Finish that piece of wood with a planer. A knob is rotated to set the cutting depth exactly and the dust extraction outlet can be switched from one side to the other, which is handy.
Another fast paint option, this sucks paint from the pot and can cover 80 square metres before needing a refill. A pivoting head makes awkward corners more accessible.
Plonk this on top of the special Dulux paint pot and you’re off – no pouring necessary. This lacks the self-cleaning system of the full-size PaintPod.
Strip paint with this useful tool, which has a variable temperature control and cone and fishtail surface nozzles to achieve the right focus of heat. This is a heavy-duty tool.
John Lewis, £57.99
Painting or varnishing is faster and less labour-intensive with this fine spray system. Flow control minimises mist. You can also use it for pesticide.
This machine steams the paper so it’s easy to remove. It heats fast but can’t boil dry. Works with all wallpapers.
Insert a glue stick (four are supplied) and turn on. In 15 seconds it’s ready to glue a range of materials. Automatic switch off after five minutes.
A small but powerful machine. It has a ball instead of wheels, making it extra manoeuvrable. The turbine tool is especially good at removing hair and other dirt from carpets.
The pointy front makes it easy to sand into corners, the battery is long-lasting and it’s easy to change the Velcro-attached sanding sheets.
More accurate than those with magnets mounted on an end hook. The magnet attaches to the tape so the hook and magnet move independently.
High-temperature steam, rather than chemicals, breaks down dirt and bacteria. Great for wood flooring, tiles and even carpets. Satisfying to use.
Cleaning is made much easier with a pressure washer. The detergent tank is built in and the pressure is enough to clean most surfaces.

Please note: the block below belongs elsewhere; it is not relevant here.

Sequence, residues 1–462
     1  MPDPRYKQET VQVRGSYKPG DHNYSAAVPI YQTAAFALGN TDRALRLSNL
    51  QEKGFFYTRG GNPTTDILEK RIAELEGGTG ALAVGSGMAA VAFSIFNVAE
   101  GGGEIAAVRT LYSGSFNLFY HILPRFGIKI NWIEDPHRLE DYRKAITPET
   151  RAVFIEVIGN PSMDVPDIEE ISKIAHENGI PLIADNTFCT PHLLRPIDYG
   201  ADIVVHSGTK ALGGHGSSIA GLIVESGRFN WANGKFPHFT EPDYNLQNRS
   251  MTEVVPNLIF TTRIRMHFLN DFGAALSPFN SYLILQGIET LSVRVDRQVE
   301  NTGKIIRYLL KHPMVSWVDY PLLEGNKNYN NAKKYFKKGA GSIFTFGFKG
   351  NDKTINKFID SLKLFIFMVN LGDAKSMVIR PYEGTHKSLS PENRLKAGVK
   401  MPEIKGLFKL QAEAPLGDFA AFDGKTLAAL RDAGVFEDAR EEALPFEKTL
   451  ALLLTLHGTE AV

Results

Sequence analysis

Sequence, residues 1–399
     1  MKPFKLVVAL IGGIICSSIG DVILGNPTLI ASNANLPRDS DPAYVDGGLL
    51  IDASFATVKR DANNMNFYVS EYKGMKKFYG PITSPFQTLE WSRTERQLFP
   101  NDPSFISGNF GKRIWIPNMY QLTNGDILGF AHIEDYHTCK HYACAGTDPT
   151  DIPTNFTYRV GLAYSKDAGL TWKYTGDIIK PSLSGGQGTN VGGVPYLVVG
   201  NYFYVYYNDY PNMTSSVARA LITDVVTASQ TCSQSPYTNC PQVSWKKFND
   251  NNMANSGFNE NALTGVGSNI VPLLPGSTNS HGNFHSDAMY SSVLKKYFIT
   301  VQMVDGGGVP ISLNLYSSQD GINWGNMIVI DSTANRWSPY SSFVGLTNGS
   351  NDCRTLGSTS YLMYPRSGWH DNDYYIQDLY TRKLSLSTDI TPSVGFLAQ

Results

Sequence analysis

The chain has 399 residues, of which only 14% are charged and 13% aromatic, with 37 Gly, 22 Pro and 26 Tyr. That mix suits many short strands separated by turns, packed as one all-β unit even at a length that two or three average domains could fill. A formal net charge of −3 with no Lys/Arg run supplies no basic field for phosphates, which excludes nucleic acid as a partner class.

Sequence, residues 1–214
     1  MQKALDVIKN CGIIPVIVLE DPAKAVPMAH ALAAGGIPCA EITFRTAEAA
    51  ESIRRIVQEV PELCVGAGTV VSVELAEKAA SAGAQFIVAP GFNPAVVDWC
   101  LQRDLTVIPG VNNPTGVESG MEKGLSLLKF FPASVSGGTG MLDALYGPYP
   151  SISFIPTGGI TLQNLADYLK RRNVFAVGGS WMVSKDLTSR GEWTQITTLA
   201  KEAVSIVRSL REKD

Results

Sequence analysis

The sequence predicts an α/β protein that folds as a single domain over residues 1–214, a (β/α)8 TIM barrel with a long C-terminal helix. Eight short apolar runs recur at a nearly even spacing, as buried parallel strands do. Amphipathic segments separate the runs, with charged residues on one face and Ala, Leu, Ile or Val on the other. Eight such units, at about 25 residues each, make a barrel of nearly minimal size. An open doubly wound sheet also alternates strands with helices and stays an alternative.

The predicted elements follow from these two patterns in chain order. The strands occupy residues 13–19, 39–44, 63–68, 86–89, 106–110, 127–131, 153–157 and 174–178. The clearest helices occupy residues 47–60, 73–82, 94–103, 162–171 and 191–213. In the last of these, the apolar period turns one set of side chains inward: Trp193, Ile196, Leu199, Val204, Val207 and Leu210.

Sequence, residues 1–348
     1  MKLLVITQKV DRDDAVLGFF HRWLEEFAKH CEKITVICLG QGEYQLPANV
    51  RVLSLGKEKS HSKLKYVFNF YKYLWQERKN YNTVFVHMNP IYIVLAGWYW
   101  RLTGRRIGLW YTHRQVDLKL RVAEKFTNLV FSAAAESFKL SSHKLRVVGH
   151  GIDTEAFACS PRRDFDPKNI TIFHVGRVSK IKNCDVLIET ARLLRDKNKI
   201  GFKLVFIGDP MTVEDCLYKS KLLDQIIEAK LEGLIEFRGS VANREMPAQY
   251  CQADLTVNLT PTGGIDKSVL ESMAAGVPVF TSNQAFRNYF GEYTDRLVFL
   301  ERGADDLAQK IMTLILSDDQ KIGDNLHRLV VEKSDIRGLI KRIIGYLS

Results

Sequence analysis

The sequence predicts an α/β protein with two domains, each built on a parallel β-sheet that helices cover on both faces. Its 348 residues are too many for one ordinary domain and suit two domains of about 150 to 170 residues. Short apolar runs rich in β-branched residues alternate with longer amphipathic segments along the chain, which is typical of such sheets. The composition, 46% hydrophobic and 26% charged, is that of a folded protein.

This steam cleaner uses a detergent that breaks down grease effectively. It’s powerful and versatile, with tools for lots of surfaces. A large tank gives 40 minutes steaming.
Clean up with this effective cleaner. One tank shoots water and a special cleaning solution into the carpet and dirty water flows into the other tank while the vacuum dries the carpet.
Sometimes a little spill doesn’t justify bringing out the big vacuum cleaner. This cordless is powerful and its shape makes it easy to use. It has a clever self-cleaning brush.
As well as a traditional 3m tape, a projected laser line helps you to accurately align objects and it has a laser spirit level built in. It’s accurate to about 1mm across its length.
This laser-only measurer claims to be more accurate than a traditional tape measure (at least it doesn’t sag like a conventional tape). It has a range up to 30m.
It’s good to keep a basic tool kit on hand. Includes wrenches, screwdrivers, pliers, scissors, fasteners and more among its 50 pieces.
If you’ve had to turn the central heating off while you work, you still need to keep warm. This fan heats rooms evenly and quickly, and there’s no unpleasant burning smell.
A very handy tool to have in your work belt or glove box. The 14 tools include a mini saw, screwdriver, knife, socket driver and more. It’s built to last and solid in the hand.
Efficient and snazzy the Quigo self-levels so you know that when it tells you its laser lines are perfectly horizontal and vertical, they are.
This stud sensor has audio indicators so you know where studs and live wires are and can read depths of up to 0.75ins. It has a laser that makes it easy to mark the wall.
Richard Dawkins on babies with Down Syndrome: 'Abort it and try again – it would be immoral to bring it into the world'
Scottish independence: English people overwhelmingly want Scotland to stay in the UK
Isis threat: Cameron wants an alliance with Iran
Michael Brown shooting: Chaos erupts on the streets of Ferguson after autopsy shows teenager was shot six times – twice in the head
Disgusting, frustrating, but intriguing: how the country really feels about its politicians
Bin bag full of cats' heads discovered near Manchester's Curry Mile
- 1 Jeremy Clarkson 'sees no problem' with his racist language on Top Gear, says BBC
- 2 'Alien thigh bone' on Mars: Excitement from alien hunters at 'evidence' of extraterrestrial life
- 3 Richard Dawkins on babies with Down Syndrome: 'Abort it and try again – it would be immoral to bring it into the world'
- 4 London restaurant 34 creates champagne glass modelled on Kate Moss’ left breast
- 5 ALS ice bucket challenge co-founder Corey Griffin drowns, aged 27